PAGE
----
There are two methods to procure silver from your own home. Both methods have their own advantages and disadvantages, and each will require some very important planning. While many believe that all silver is the same, this isn't the case. In fact, some silver is a great investment, some other silver is a very poor investment. The distinction, though, isn't always clear, and there are always exceptions to every rule. We'll start first with silver bullion, and then market traded silver to understand the pros and cons of each.
Physical silver bullion has an attraction that is unmatched by most other metals. It is shiny, brilliant, and best of all, you can hold it in your own hand. These properties are what have made it such a popular metal in industry, jewelry, and now as an investment. Physical bullion's biggest advantage is that it is in your possession at any time. While that may seem like a hard to spot advantage right now, we'll discuss later other purchasing options where silver you own isn't actually in your possession at all.
Another benefit to silver bullion is that it is fun to own. Silver bars look great stocked away in a safe, and many collectors and investors alike enjoy the brilliance of one ounce silver coins. To many, having fun with their investments isn't a feeling they've experienced before. Where stocks and bonds are digits on a computer screen, your physical silver bullion holdings might be relics of centuries ago!
Taxation and Silver
But we also have to consider Uncle Sam. To the government, any silver bullion is considered to be a collectable, whether purchased for the purpose of collectors' value or for the simple metal content. As you may or may not be aware, earnings on collectors' items are taxed differently than earnings on an investment item.
A collectors' item, regardless of when it is bought or sold, is always taxed at your income tax rate. This rate ranges anywhere from 10% up into 30%, depending on your income and other variables. The capital gains tax rate, however, has never extended past 20%, and rests now at a low 15% of gains. So, if you were to buy bullion as a member of the 35% tax bracket, expect to pay more than twice as much on your gains as someone who purchased silver via other methods.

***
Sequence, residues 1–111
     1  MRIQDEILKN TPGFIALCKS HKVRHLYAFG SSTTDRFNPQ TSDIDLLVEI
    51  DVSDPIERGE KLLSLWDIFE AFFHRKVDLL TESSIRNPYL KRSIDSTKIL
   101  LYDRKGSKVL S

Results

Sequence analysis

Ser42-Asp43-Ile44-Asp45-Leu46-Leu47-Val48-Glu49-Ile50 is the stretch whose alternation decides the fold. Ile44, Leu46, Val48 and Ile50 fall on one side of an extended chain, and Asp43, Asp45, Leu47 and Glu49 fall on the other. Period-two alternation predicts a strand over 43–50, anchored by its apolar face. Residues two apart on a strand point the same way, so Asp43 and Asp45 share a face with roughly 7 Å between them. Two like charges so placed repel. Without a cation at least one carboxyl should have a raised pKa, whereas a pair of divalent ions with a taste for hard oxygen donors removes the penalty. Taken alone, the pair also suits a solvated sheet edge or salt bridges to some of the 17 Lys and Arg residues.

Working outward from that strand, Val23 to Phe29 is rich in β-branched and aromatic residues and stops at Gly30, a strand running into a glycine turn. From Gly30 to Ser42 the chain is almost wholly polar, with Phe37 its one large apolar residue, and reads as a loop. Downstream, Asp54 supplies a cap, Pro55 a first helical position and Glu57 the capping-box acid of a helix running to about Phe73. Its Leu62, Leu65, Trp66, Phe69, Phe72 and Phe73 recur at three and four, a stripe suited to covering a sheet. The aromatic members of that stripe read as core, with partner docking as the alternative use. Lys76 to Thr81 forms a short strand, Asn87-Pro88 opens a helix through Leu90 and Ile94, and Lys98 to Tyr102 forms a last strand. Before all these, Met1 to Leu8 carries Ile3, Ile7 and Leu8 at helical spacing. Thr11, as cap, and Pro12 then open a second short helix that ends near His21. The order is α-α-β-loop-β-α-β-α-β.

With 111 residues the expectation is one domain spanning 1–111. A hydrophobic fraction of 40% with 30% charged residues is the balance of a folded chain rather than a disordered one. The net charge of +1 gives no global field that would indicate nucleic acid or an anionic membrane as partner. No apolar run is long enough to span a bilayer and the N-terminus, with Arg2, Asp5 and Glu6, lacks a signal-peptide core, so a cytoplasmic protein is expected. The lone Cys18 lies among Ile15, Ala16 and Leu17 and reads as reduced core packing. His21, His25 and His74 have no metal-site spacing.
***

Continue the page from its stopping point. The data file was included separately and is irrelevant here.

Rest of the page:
ETFs and Trusts
Exchange-traded funds and holding trusts are the only two ways that individuals can purchase silver without paying the income tax rate on gains. Exchange-traded funds are very similar to mutual funds, except that they trade on the open stock exchange, just like stocks. Thus, for a small commission and annual fee, you can buy part of a silver trust that stores silver on your behalf. Trusts, as they are defined in the physical metals markets, are formed by companies to sell silver to their clients. Since the IRS considers trusts to be inherently different from plain bullion, then they also earn the same low tax rate of only 15% on long-term capital gains.
Steps for Purchase
Purchasing ETF shares or buying into a Trust does take a little more work than buying silver through a coin dealer or bullion vendor. Exchange-traded fund shares, as mentioned above, are purchased on the open stock market. Thus, to buy into silver ETFs, expect to pay $5-20 per trade (buy or sell) plus an annual fee of roughly .5-1%. This requires an investor to open a brokerage account, as well.
Buying directly into a trust can be done through a number of different companies, and is considered to be the best deal for the passive investor. Via a credit or debit card, or even a routine or one-off bank transfer, you can buy allocated silver to be stored in a trust on your behalf. One of the largest companies in this segment is the Perth Mint, a company that buys silver, stores it in a trust, and sells it onto its clients for a tiny fee.
Buying physical silver is the easiest method, and can be done online through bullion brokers or even on Ebay. Alternatively, many local coin shops would happily welcome your business. Take into consideration the overhead of the coin shop, as well as the shipping costs. It is not unheard of for investors to pay as much as 5% over spot for their metals. Thus, if silver were $30 per ounce, an investor would pay the coin shop or broker $31.50 per ounce; however, as the silver remains in the hands of the investor, there is no annual fee as is assessed on both ETFs and independent Trusts.